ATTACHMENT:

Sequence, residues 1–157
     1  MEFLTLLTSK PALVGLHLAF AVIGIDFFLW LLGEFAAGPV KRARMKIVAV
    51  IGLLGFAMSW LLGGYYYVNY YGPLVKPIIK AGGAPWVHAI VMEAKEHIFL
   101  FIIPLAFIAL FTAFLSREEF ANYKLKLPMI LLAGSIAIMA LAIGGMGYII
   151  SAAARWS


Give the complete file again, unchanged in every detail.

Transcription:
Sequence, residues 1–157
     1  MEFLTLLTSK PALVGLHLAF AVIGIDFFLW LLGEFAAGPV KRARMKIVAV
    51  IGLLGFAMSW LLGGYYYVNY YGPLVKPIIK AGGAPWVHAI VMEAKEHIFL
   101  FIIPLAFIAL FTAFLSREEF ANYKLKLPMI LLAGSIAIMA LAIGGMGYII
   151  SAAARWS